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Asean & Global Updates
POSTED | 11:29 AM | 07-07-2015

Bangkok tap water may run out in a month

Bangkok’s tap water supply may run out in a month, as the country waits for long overdue rains to replenish sources depleted by drought and threatened by seawater creep, the chief of the capital’s water authority said.

Thailand is suffering its worst drought in more than a decade. In an effort to maintain water levels in the dams that supply water for agriculture in the provinces as well as taps in the capital Bangkok, the government has asked farmers to refrain from planting rice since last October.

Despite these measures, water levels are critically low in the three key reservoirs that flow into the Chao Phraya River, one of the two main sources of Bangkok’s tap water.

The quantity of water collected in the three dams totaled 5 billion cubic meters last November, compared to the normal 8 billion cubic meters, said Thanasak Watanathana, governor of the Metropolitan Waterworks Authority. As of Monday (6 July 2015), there was about 660 million cubic meters left, according to the Royal Irrigation Department.

“Right now, there is only enough water in the dams to distribute for about 30 more days – if it doesn’t rain,” Thanasak told Reuters in an interview.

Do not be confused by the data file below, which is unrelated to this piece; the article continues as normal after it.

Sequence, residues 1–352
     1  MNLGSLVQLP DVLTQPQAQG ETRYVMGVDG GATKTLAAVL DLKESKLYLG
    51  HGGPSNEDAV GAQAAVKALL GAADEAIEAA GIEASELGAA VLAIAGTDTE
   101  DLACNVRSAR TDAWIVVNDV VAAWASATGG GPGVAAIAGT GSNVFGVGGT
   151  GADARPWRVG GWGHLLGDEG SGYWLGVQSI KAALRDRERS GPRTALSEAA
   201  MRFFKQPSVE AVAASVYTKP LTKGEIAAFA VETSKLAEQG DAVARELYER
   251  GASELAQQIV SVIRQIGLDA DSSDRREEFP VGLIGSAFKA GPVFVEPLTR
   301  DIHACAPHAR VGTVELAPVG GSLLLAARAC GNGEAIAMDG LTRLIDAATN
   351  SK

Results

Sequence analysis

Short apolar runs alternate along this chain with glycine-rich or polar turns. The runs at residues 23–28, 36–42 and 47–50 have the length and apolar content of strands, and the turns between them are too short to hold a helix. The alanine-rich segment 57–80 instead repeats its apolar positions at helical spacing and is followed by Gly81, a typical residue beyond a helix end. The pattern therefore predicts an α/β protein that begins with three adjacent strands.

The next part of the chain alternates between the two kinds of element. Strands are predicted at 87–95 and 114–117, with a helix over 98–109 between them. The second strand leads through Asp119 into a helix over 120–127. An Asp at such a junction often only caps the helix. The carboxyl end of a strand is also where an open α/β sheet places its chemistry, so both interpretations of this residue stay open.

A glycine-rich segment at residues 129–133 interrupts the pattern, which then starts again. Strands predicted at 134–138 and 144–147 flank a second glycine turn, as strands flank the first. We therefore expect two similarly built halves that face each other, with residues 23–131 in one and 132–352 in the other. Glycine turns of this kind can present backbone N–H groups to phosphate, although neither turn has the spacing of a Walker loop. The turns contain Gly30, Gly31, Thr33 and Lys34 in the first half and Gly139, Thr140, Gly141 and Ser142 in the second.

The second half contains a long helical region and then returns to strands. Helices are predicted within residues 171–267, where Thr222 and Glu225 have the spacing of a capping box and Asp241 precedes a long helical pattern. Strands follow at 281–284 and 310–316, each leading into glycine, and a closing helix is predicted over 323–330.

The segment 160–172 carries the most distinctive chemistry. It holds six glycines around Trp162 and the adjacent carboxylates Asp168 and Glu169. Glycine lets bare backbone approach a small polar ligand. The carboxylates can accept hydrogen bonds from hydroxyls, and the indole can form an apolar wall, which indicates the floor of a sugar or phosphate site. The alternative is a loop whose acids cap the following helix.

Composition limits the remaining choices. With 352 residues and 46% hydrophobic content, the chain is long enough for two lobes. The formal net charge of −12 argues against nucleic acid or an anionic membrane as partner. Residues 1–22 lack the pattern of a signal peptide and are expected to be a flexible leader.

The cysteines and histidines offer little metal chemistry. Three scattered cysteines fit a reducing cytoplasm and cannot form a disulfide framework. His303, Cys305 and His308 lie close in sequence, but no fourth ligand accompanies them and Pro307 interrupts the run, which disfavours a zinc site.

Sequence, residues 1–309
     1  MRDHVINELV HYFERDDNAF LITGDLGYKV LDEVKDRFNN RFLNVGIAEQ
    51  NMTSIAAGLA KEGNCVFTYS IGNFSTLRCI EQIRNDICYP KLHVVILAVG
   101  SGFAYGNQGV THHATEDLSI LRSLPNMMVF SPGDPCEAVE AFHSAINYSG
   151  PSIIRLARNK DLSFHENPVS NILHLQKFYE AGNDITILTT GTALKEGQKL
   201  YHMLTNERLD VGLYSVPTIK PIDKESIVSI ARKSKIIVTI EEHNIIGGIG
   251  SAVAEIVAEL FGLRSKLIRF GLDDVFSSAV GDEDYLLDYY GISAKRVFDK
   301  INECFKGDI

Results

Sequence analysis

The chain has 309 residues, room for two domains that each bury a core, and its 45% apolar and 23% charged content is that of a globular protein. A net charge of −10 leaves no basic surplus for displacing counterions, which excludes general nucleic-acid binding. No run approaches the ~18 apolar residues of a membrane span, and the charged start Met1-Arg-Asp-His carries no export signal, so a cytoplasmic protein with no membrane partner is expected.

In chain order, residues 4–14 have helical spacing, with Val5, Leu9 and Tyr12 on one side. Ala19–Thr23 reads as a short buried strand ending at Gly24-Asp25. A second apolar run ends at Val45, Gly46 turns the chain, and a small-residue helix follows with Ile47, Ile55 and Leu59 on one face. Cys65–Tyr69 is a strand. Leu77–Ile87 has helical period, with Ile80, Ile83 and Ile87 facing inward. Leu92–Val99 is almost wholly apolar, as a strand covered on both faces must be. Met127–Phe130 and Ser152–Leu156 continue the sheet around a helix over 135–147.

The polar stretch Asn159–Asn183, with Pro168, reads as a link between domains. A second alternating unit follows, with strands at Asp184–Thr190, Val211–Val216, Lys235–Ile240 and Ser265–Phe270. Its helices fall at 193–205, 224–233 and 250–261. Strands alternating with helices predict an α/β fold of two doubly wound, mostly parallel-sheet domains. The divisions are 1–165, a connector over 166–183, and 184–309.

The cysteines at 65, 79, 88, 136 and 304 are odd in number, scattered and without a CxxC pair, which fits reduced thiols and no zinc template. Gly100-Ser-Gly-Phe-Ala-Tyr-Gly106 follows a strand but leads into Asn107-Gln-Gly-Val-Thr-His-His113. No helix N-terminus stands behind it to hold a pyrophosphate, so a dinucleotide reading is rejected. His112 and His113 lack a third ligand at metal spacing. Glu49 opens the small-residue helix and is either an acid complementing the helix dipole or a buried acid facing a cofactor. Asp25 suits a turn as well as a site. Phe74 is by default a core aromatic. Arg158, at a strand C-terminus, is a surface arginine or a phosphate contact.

Normally, the flow of water from the rains and dams keeps saltwater from the Gulf of Thailand at bay. But during droughts, the saltwater creeps upstream, turning the Chao Phraya brackish.

The seawater can kill crops and threatens the pumping station that siphons off water from the river, about 100 km (60 miles) from the gulf. The waterworks authority produces 5.2 million cubic meters of tap water per day for 2.2 million residential, business and industrial customers, but is not equipped to treat saltwater.

The waterworks authority has asked Bangkok residents to store a reserve of 60 liters of drinking water in the event of a shortage. It has also urged people to use less water, but has had little success on this front in part, said Thanasak, because water customers pay only 8.50 baht ($0.25) per 1,000 liters.

“It’s too cheap, so people don’t feel the need to conserve. It has been this price since July 1999. It’s probably the big city with the cheapest water in the world,” he said.

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